Lending money is a risk, and lenders help manage that risk by obtaining insurance for their mortgages. Different insurers have their own rules about what types of loans they will back, so loans’ insurers significantly influence the nature and purpose of different types of mortgages.
Some mortgages are insured by government agencies such as the Federal Housing Administration (FHA), the Department of Veterans Affairs (VA) and even the U.S. Department of Agriculture (USDA). Loans that are not government-backed are often referred to as conventional home loans, and these are insured by private finance companies, most notably Fannie Mae and Freddie Mac.
These days, nearly two-thirds of mortgage originations are for conventional loans, though that percentage can change drastically over time, depending on economic conditions and policy changes.
Read on for descriptions of the government-backed and privately insured mortgage options, so you can start to see which may be best for you.
The FHA works with private lenders to insure mortgages that meet certain conditions. FHA mortgages were created to support the housing industry during the Great Depression, and from those beginnings in 1934, the FHA has grown to be the world’s largest insurer of mortgages.
FHA mortgages require a fairly low down payment and less strict credit standards than privately insured conventional loans. For these reasons, they are often seen as ideal for first-time home buyers, but they are not strictly limited to first-timers.
FHA loans are intended for residential properties of one to four units, where the property will be the borrower’s primary residence. As of 2017, FHA loans were generally available up to $275,665 for a single unit property, though they can go up to as much as $636,150 in designated high-cost areas or even $954,225 in Alaska, Guam, Hawaii and the Virgin Islands.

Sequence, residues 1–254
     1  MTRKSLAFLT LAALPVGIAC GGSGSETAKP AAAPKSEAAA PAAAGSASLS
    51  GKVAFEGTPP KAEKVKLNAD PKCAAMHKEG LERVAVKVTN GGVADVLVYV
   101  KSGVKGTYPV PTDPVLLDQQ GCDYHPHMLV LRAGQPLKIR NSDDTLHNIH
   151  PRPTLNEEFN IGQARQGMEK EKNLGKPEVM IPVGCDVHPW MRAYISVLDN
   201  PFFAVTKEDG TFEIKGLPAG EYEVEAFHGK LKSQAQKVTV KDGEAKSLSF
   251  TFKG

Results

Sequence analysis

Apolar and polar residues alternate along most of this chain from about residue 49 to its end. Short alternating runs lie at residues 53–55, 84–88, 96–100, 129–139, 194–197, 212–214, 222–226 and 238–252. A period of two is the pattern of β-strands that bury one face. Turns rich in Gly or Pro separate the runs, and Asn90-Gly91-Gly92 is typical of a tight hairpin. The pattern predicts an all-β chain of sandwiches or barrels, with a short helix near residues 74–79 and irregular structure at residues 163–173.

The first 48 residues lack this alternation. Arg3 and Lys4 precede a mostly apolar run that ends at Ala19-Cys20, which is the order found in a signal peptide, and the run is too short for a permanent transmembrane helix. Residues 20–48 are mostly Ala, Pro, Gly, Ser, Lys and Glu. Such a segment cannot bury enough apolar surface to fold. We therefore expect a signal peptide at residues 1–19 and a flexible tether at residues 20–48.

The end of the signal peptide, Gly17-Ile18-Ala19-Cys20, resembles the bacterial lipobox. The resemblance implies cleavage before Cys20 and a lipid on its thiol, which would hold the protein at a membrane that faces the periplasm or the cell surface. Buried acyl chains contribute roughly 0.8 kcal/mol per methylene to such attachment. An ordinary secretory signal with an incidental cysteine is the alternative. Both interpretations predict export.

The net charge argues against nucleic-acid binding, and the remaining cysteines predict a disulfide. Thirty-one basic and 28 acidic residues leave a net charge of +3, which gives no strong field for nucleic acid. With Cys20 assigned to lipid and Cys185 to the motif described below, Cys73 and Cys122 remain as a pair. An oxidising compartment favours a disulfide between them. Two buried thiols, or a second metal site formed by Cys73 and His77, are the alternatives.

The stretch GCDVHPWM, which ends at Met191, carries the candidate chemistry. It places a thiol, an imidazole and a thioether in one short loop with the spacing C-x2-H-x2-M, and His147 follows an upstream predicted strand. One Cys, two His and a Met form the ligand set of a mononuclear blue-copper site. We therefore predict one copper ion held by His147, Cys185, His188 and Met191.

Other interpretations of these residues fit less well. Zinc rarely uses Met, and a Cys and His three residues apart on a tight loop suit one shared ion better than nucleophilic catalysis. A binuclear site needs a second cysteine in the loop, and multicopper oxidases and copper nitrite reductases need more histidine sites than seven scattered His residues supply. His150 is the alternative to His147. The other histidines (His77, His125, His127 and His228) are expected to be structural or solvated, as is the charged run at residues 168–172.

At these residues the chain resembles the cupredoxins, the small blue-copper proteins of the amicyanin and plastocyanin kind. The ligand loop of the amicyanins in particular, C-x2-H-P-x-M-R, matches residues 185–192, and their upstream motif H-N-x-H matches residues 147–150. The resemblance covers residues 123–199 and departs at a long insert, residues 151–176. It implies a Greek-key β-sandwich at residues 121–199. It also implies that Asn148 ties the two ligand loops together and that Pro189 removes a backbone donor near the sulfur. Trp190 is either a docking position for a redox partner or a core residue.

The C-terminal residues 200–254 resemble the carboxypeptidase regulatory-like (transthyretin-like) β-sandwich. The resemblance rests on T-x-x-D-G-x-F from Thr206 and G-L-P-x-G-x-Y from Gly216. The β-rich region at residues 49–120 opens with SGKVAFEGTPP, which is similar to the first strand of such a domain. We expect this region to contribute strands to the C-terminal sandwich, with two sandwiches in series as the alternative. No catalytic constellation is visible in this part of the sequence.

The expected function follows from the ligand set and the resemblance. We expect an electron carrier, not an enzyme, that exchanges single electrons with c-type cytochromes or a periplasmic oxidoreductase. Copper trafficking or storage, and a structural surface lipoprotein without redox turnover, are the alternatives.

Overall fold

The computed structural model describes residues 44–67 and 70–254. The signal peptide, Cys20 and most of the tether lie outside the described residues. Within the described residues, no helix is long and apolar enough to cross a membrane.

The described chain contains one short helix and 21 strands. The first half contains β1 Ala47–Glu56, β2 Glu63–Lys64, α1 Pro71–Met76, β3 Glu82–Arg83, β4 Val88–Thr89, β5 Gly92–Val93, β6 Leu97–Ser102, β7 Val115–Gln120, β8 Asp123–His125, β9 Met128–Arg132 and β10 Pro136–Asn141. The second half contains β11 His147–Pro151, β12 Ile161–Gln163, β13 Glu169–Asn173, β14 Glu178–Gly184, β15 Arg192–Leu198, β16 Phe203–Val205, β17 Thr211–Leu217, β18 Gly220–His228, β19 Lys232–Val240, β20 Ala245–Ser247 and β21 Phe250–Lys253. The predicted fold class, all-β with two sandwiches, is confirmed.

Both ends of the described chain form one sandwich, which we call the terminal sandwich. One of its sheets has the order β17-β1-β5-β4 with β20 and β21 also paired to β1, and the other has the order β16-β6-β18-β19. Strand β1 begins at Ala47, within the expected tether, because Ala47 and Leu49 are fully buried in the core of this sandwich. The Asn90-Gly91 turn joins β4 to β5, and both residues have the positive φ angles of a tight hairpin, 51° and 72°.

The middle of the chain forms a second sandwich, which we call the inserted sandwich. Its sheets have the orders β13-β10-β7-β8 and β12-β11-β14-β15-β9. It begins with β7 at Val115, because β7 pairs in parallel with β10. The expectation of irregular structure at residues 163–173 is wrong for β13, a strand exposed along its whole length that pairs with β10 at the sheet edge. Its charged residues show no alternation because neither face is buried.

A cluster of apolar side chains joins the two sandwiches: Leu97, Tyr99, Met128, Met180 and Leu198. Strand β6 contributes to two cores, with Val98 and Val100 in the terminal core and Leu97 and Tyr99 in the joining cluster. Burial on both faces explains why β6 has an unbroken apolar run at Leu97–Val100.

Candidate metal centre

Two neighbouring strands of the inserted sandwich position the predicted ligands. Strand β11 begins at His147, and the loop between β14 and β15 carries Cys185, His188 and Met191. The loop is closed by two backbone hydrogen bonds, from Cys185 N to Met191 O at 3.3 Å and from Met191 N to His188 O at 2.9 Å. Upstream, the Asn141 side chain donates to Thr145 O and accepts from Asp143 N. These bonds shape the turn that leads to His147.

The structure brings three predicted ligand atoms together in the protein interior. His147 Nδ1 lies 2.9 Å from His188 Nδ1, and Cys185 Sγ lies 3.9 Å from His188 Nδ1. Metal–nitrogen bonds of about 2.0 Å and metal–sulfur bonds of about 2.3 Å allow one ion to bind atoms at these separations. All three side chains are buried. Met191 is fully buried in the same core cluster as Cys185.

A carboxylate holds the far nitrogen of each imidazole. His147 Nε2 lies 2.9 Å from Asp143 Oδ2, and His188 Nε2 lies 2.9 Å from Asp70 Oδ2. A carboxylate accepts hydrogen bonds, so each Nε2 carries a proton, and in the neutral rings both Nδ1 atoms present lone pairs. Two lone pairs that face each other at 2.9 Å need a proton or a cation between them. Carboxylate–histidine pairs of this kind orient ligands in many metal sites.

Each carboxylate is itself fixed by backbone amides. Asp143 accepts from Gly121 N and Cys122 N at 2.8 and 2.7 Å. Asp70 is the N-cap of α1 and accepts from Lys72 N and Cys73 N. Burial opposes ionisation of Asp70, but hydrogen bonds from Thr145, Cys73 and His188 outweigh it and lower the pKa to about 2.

The willingness of the FHA to insure these loans means lenders may take risks on borrowers they might otherwise not approve for a mortgage. While that helps make mortgages available to more would-be homebuyers, there’s a catch: The FHA funds its insurance by charging a mortgage insurance premium (MIP) both upfront and annually for most or all of the length of the loan, depending on your down payment.
This MIP requirement is heavier for FHA loans than for other types of insurers, so while FHA loans may be the most easily obtainable loan type if you have a weaker credit history, they also tend to be the most expensive option.
VA loans are available to active-duty service members in the U.S. military, honorably discharged vets and some surviving spouses of deceased veterans or service members.
Like FHA loans, VA mortgages are insured by the federal government and are subject to the same loan limit guidelines, which vary from county to county depending on local housing costs. Despite sharing the same loan limits, VA loans have a couple of important advantages over FHA loans.
VA loans are available with little or no down payment. Also, VA loans do not require the borrower to pay mortgage insurance. This means that VA loans have a distinct cost advantage for those who qualify. There is, however, a funding fee for VA loans, which ranges from 1.25 to 3.3 percent of the loan. The fee you pay depends on your type of military service, your down payment amount and whether you’re using a VA loan for the first time.